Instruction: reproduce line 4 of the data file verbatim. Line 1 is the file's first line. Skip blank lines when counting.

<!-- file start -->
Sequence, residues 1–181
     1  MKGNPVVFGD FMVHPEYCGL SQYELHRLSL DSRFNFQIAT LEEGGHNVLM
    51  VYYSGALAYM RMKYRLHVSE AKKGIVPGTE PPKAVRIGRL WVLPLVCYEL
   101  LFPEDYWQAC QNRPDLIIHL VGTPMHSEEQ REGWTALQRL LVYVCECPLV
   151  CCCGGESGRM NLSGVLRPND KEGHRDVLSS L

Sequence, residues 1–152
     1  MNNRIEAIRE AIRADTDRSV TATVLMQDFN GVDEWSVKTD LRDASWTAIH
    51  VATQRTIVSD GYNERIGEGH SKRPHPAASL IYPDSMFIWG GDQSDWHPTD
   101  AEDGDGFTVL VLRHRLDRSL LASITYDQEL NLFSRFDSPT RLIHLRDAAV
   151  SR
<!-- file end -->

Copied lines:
   101  LFPEDYWQAC QNRPDLIIHL VGTPMHSEEQ REGWTALQRL LVYVCECPLV